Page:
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action adding adjectives adverb auxiliary beautiful bird called classes command Common noun compared comparison compound compound sentence conjunctions connect containing Course dare Definite denote derived distinguished English EXERCISE express feminine following sentences formed French frequently Future gender girl Give governed horse Indicative INDICATIVE MOOD infinitive John kinds language letters live London longer look manner masculine meaning meant mood names natural never nominative objective participle particular past tense perfect phrase Plur plural positive possessive predicate prefixes preposition PRESENT TENSE Price principal pronouns qualifying QUESTIONS FOR EXAMINATION Reading relation relative represents respectively rule seen shows signifying simple sentences Sing singular number sometimes speak speech spoken syllables tell termed thee thing third person Thou thought transitive understood verb vowels walking words Write
Page 29 - He prayeth well, who loveth well Both man and bird and beast. He prayeth best, who loveth best All things both great and small; For the dear God who loveth us, He made and loveth all.
Page 68 - To look upon the soul as going on from strength to strength, to consider that she is to shine for ever with new accessions of glory, and brighten to all eternity ; that she will be still adding virtue to virtue, and knowledge to knowledge, carries in it something wonderfully agreeable to that ambition which is natural to the mind of man.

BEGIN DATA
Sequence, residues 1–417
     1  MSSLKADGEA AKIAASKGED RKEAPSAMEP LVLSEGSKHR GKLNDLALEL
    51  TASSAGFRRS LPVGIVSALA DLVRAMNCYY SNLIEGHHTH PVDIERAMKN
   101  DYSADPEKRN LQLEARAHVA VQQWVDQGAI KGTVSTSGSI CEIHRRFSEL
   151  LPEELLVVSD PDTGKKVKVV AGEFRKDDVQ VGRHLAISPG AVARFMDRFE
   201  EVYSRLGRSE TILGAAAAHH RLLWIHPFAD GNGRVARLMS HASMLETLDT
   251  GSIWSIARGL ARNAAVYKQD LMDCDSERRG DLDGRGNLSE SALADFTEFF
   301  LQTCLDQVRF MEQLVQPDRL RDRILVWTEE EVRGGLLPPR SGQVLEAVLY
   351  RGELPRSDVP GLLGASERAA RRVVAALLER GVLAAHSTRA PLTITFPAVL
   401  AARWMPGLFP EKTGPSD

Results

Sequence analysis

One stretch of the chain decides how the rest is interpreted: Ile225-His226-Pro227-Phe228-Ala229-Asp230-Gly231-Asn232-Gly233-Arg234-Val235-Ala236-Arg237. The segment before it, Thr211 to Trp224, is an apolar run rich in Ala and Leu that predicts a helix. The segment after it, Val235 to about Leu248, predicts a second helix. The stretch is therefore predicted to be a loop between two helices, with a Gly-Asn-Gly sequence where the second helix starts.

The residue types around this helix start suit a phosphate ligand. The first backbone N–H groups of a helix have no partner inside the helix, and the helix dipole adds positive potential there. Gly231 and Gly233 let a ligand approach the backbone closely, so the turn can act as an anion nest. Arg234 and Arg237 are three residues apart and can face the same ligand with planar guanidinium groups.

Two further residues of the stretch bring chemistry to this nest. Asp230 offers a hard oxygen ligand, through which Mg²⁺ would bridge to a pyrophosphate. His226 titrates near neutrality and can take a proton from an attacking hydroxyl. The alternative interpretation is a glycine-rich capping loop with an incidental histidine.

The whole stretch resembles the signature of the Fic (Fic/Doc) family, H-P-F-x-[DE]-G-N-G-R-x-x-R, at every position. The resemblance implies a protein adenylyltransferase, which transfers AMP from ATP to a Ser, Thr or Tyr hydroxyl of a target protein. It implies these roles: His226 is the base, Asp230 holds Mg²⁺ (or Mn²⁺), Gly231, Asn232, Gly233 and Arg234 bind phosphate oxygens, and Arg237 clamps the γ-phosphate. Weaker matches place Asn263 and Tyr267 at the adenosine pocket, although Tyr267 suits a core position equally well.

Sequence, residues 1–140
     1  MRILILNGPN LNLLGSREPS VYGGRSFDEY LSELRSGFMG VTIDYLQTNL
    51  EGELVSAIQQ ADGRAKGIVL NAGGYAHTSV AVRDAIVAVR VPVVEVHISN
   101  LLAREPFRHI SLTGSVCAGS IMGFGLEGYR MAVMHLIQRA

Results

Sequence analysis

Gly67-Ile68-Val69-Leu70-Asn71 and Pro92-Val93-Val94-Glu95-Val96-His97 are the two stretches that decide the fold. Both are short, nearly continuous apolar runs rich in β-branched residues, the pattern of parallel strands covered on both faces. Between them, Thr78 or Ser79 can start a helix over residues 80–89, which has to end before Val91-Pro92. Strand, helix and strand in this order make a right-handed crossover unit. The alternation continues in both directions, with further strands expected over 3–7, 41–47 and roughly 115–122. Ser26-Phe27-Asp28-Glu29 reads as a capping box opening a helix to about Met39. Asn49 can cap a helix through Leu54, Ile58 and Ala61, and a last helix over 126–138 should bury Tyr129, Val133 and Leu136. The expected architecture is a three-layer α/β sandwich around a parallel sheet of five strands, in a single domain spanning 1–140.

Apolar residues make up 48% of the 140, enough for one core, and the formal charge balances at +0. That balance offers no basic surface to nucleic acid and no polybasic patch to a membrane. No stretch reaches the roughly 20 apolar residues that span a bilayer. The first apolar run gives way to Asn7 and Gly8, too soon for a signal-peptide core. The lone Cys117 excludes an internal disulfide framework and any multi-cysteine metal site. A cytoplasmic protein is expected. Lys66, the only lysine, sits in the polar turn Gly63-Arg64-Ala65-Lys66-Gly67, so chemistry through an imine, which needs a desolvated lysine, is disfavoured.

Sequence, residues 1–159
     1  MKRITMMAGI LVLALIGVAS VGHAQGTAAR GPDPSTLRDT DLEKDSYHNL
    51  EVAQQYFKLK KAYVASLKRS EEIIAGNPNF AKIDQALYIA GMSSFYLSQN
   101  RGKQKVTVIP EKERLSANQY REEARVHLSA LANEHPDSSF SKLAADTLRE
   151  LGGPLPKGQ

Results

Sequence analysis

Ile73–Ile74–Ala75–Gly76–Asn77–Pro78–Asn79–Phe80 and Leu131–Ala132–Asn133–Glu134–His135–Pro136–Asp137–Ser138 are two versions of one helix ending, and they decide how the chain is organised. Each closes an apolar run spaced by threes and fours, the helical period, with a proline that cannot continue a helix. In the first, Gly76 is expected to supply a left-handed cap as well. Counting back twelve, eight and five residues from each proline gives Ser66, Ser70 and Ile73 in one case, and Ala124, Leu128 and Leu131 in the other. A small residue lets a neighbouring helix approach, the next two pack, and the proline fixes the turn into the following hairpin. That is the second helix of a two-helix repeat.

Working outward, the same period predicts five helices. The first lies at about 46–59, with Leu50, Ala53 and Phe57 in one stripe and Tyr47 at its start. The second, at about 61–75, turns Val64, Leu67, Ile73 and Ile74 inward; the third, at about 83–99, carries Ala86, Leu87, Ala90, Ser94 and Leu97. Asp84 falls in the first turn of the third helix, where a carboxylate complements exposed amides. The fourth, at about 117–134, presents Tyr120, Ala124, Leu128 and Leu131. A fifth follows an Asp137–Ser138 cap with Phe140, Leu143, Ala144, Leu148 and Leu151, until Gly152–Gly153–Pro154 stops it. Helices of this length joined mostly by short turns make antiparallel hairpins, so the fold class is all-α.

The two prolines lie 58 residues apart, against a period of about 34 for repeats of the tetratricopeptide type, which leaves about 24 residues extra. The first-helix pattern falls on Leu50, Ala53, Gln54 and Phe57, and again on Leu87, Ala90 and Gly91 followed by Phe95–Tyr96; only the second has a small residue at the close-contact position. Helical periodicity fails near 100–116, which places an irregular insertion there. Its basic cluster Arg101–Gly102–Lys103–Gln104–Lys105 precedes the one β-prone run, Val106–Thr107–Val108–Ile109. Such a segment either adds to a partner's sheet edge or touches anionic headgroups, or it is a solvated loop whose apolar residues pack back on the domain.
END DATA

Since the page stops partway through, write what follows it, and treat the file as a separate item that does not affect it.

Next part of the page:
Page 68 - I cannot but extract the following: —"The style of Bunyan Is delightful to every reader, and Invaluable as a study to every person who wishes to obtain a wide command over the English language. The vocabulary- Is the vocabulary of the common people. There Is not an expression, if we except a few technical terms of theology, which would puzzle the rudest peasant We have observed several pages which do not contain s single word of more than two syllables.
Page 53 - Be it a weakness, it deserves some praise, We love the play-place of our early days. The scene is touching, and the heart is stone That feels not at that sight, and feels at none.
Page 53 - Where the bee sucks, there suck I : In a cowslip's bell I lie ; There I couch when owls do cry. On the bat's back I do fly After summer P2*) merrily. Merrily, merrily shall I live now Under the blossom that hangs on the bough.
Page 48 - SWEET Day, so cool, so calm, so bright, The bridal of the earth and sky, The dew shall weep thy fall to-night ; For thou must die. Sweet Rose, whose hue angry and brave Bids the rash gazer wipe his eye, Thy root is ever in its grave, And thou must die. Sweet Spring, full of sweet days and roses, A box where sweets compacted lie, My Music shows ye have your closes, And all must die. Only a sweet and virtuous soul, Like season'd...
Page 68 - There is not, in my opinion, a more pleasing and triumphant consideration in religion than this of the perpetual progress which the soul makes towards the perfection of its nature, without ever arriving at a period in it.
Page 57 - Certainly, it is heaven upon earth, to have a man's mind move in charity, rest in providence, and turn upon the poles of truth.
Page 67 - To punish a man because he has committed a crime, or because he is believed, though unjustly, to have committed a crime, is not persecution. To punish a man, because we infer from the nature of some doctrine which he holds, or from the conduct of other persons who hold the same doctrines with him, that he will commit a crime, IB persecution, and is, in every case, foolish and wicked.
Page 68 - Never had any writer so vast a command of the whole eloquence, of scorn, misanthropy and despair. That Marah was never dry. No art could sweeten, no draughts could exhaust, its perennial waters of bitterness. Never was there such variety in monotony as that of Byron. From maniac laughter to piercing lamentation, there was not a single note of human anguish of which he was not master. Year after...